World Bank: ‘CO2 Market Hurt by Australia, Russia and Japan’

According to the World Bank, initiatives towards greenhouse-gas emissions pricing, to restrain global warming are being hurt as countries such as Australia to Russia and Japan pull back from carbon-reduction commitments.

Phillip Island, Australia

Phillip Island, Australia

“While some nations are taking concrete steps forward on carbon pricing, recent developments in others are a setback,” said the World Bank in its State & Trends of Carbon Pricing 2014 report published on May 28th last month. Policy changes amount to “two steps forward, one step back,” it said.

The bank elaborated that, greenhouse-gas emissions covered by pricing mechanisms such as taxes and trading programs may fall from 18% to 12%, if countries don’t approve an annex of the 1997 Kyoto climate accord, including Ukraine and Kazakhstan. Russia, Japan and New Zealand abandoned the second commitment period of the emission-reduction pact, which covered eight years through 2020.

In its report, the World Bank even mentioned that carbon emissions pricing is much needed in order to boost clean energy projects in private-sector investment. According to the lender, a total of 40 countries and more than 20 sub-national jurisdictions have put a value of carbon emissions.

“Progress across the globe is steady,” says World Bank, citing eight new markets in 2013, which includes cap-and-trade markets in California and Quebec as well as emissions trading programs in China.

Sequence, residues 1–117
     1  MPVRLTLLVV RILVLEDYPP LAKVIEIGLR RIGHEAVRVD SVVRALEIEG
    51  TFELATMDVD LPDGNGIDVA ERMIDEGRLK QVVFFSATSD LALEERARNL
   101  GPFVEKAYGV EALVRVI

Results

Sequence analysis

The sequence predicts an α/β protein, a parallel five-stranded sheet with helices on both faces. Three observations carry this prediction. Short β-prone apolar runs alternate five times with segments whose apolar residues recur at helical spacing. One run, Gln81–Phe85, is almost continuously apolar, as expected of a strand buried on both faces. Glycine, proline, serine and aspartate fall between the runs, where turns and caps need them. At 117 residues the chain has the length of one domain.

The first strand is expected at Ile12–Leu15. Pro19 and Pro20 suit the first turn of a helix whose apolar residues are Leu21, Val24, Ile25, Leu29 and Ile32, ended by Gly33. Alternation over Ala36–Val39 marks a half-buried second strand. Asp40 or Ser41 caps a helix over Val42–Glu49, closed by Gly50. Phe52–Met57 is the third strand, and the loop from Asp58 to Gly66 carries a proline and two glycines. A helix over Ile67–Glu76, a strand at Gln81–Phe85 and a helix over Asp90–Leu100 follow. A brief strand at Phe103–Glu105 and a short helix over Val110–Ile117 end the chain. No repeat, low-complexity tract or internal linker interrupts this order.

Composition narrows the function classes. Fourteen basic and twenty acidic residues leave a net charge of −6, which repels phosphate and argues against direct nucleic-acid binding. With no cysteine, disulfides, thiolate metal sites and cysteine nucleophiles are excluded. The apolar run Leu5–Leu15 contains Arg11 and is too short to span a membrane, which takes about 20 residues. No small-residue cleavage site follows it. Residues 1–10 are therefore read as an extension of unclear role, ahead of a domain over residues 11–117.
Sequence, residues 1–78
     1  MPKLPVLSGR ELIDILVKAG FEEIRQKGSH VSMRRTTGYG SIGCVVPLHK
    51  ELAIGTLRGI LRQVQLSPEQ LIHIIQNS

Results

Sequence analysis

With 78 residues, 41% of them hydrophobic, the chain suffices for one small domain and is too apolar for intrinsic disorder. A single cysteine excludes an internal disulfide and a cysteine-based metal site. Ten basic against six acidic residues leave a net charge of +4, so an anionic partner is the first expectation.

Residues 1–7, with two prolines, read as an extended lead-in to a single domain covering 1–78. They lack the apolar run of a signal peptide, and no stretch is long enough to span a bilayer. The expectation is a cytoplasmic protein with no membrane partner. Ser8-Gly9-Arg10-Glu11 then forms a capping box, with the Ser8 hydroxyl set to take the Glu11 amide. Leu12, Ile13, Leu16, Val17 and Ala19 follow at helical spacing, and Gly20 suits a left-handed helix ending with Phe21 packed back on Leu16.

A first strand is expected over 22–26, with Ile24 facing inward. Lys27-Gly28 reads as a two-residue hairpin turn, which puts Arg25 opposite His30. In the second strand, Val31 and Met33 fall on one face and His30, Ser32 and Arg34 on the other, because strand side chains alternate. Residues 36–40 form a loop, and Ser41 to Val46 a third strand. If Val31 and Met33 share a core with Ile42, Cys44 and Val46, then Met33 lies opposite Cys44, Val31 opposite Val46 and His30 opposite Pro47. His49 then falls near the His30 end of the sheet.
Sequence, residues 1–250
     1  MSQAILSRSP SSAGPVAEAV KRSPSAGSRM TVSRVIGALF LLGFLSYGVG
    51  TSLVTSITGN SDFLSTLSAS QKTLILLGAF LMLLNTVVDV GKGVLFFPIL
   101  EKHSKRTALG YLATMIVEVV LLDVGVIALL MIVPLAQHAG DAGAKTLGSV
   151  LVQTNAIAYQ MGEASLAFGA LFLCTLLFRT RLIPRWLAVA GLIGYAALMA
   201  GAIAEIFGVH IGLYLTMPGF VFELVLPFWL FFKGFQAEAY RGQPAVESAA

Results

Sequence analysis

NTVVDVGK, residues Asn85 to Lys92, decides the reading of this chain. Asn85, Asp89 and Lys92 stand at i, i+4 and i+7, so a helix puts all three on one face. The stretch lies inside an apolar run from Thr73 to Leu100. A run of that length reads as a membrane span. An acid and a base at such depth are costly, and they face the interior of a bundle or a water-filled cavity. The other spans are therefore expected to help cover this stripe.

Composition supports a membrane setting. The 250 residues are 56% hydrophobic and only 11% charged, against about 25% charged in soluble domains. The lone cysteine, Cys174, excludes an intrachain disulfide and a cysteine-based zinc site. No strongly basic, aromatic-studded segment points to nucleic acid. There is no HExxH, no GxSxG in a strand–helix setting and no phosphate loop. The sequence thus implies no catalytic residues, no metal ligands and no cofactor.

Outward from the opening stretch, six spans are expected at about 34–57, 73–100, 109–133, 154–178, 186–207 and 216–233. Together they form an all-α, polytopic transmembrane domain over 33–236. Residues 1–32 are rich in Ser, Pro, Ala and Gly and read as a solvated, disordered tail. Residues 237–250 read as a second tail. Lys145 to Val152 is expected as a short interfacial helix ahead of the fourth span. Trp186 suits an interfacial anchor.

Carbon trading

According to the report, emissions trading programs worldwide were worth about$30bn, by the end of 2013, although it excluded United Nations emissions credits under the Kyoto Protocol. The value of the global carbon markets fell under 36% in 2013, to about $56bn. The valuation is done on the basis of transaction volumes, which also includes UN credits under the Kyoto protocol. Expenses between the pricing programs ‘occupy a significant range’. An emissions tax in the Mexico is much less than $1 per metric tonne of CO2 equivalent, while the same in Sweden is $168 per metric tonne.

Australia’s new government is currently seeking to take down the legislation to pieces that excise fees on carbon emissions and restore it with taxpayer funded grants to companies and projects that lessen emissions. Last month, Russia said that the UN-endorsed goal of beating rising global temperatures shouldn’t dictate countries’ emission boundary in a new climate treaty for 2020.

 

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Christy Gren
Christy Gren is an Industry Specialist Reporter at Industry Leaders Magazine she enjoys writing about Unicorns, Silicon Valley, Startups, Business Leaders and Innovators. Her articles provide an insight about the Power Players in the field of Technology, Auto, Manufacturing, and F&B.

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